Remember, most types of UV light can be harmful to people. Exposure can result in skin irritation, damage, or burns.

Myth #3: Sitting in a hot bath can prevent COVID-19

This method won’t prevent you from becoming ill with COVID-19. In fact, your body temperature will remain pretty much the same in a hot bath.

Additionally, sitting in a very hot bath can actually harm you by causing burning or scalding.

Myth #4: The hot air from a hand dryer can kill the virus on your hands

While the air emitted from a hand dryer is warm, it won’t kill SARS-CoV-2 on your hands.

The best way to eliminate the virus from your hands is by thoroughly washing your hands with soap and water or using an alcohol-based hand sanitizer.

Fact: There are several safe ways to prevent getting COVID-19

To prevent becoming ill with COVID-19, take the following steps:

  • Try to stay home as much as possible. If you must go out, practice physical distancing (maintaining 6 feet of distance from others), wear a face covering, and avoid large gatherings.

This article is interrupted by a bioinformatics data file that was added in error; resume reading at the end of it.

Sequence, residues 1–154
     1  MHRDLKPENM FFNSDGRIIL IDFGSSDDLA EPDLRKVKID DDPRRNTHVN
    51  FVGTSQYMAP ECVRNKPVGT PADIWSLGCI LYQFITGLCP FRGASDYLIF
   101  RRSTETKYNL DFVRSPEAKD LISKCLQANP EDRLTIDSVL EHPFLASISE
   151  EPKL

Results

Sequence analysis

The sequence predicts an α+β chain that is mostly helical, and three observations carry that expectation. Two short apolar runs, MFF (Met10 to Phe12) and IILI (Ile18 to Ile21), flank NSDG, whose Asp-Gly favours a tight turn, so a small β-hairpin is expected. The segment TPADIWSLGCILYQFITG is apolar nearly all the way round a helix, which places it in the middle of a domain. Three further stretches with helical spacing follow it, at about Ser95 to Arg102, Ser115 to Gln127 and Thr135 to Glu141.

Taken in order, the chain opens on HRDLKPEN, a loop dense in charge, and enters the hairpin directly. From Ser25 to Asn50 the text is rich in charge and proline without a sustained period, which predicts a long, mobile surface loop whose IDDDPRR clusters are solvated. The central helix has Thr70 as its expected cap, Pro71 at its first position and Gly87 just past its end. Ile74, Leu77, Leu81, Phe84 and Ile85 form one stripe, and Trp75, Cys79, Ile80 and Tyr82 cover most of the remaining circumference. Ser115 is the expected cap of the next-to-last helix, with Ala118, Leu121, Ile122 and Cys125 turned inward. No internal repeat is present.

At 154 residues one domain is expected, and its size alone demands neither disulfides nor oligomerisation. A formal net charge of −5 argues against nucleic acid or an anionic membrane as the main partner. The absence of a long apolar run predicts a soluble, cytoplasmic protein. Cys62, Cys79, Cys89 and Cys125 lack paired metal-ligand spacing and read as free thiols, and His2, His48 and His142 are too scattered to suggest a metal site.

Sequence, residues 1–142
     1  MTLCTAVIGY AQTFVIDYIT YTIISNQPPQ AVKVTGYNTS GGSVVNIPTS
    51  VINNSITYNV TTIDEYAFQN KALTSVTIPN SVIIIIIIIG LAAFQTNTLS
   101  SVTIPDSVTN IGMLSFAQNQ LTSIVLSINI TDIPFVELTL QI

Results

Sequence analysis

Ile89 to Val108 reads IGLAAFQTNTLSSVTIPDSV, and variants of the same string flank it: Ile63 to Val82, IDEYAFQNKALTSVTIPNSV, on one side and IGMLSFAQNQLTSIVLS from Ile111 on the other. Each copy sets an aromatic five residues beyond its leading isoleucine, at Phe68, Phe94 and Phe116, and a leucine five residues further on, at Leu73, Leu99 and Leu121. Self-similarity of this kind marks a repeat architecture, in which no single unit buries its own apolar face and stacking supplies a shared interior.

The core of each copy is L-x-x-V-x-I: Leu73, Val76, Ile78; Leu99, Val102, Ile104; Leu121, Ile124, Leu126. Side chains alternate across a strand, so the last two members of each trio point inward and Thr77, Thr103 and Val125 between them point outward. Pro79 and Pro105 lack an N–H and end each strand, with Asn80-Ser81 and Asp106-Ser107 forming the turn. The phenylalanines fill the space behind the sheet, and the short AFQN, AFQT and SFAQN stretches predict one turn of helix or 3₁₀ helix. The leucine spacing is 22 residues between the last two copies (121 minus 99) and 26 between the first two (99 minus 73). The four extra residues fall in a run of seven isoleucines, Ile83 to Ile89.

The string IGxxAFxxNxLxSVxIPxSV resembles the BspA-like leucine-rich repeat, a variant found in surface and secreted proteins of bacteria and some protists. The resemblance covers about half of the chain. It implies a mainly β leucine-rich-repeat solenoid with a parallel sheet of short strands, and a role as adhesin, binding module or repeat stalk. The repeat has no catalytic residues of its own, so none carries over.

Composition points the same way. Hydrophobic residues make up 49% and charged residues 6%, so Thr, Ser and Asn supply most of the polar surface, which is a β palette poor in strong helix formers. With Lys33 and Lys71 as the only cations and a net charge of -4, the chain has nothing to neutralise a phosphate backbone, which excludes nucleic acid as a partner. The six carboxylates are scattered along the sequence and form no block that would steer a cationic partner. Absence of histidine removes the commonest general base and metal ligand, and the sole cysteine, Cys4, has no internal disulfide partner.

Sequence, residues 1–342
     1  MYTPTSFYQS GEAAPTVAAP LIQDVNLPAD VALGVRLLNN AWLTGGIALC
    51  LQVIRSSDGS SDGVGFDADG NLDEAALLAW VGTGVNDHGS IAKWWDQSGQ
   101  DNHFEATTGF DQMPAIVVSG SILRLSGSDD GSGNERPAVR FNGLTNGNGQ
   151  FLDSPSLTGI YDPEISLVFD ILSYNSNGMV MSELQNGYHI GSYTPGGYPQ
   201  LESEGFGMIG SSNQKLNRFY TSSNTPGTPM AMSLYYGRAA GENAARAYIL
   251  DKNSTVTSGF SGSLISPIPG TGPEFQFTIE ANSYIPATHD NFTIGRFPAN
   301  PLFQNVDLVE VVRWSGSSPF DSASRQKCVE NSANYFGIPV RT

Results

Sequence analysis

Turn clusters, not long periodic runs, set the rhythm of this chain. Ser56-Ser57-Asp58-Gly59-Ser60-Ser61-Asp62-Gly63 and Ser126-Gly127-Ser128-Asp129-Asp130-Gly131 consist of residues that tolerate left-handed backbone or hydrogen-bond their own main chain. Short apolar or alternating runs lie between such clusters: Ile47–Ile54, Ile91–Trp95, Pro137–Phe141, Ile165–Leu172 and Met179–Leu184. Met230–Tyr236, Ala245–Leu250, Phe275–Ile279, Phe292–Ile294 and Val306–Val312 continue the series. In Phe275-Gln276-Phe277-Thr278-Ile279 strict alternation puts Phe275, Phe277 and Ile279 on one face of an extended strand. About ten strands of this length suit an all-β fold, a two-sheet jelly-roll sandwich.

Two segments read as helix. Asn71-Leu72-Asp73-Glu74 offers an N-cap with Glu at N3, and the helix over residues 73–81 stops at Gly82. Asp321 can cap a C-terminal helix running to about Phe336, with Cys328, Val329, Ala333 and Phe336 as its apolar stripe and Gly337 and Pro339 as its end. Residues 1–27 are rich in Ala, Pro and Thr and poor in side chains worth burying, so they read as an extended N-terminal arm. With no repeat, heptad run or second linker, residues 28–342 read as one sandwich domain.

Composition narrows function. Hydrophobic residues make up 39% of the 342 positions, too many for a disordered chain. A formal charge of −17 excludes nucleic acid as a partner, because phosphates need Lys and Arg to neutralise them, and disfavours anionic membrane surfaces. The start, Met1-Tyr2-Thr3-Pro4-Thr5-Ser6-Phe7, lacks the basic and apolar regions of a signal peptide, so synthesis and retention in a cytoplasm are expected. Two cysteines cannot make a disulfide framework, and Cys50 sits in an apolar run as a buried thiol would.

• Wash your hands frequently using soap and warm water or use an alcohol-based hand sanitizer. Avoid touching your face, nose, or mouth if your hands aren’t clean.
  • Regularly disinfect high-touch surfaces in your home, such as doorknobs, appliance handles, and countertops. The Environmental Protection Agency (EPA) has a list of products that are effective at killing SARS-CoV-2.
  • Avoid being around people who are sick. Similarly, stay home if you’re ill.
The bottom line

The type of UV light that’s most effective at killing germs, like viruses and bacteria, is UVC light.

UVC light can effectively kill SARS-CoV-2, the new coronavirus that causes COVID-19. Much of the research on this topic focuses on far-UVC light. This is a type of UVC light that still kills germs but is less harmful to humans.

UVC light is mainly used for disinfection in healthcare settings. While you can buy a UVC light lamp for your home, remember that these lamps are often lower in intensity.

Also, the optimal length of exposure, wavelength, and dose of UVC light needed for killing the new coronavirus is yet to be determined.